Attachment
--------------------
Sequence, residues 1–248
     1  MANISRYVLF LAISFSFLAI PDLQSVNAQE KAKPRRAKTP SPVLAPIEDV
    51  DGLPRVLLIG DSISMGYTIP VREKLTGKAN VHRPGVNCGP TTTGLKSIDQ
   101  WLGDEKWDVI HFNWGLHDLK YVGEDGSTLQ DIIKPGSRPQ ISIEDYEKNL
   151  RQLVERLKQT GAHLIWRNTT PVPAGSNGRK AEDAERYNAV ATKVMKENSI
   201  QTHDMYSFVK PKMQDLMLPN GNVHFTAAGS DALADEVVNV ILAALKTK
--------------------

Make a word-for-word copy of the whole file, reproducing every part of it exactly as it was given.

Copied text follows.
Sequence, residues 1–248
     1  MANISRYVLF LAISFSFLAI PDLQSVNAQE KAKPRRAKTP SPVLAPIEDV
    51  DGLPRVLLIG DSISMGYTIP VREKLTGKAN VHRPGVNCGP TTTGLKSIDQ
   101  WLGDEKWDVI HFNWGLHDLK YVGEDGSTLQ DIIKPGSRPQ ISIEDYEKNL
   151  RQLVERLKQT GAHLIWRNTT PVPAGSNGRK AEDAERYNAV ATKVMKENSI
   201  QTHDMYSFVK PKMQDLMLPN GNVHFTAAGS DALADEVVNV ILAALKTK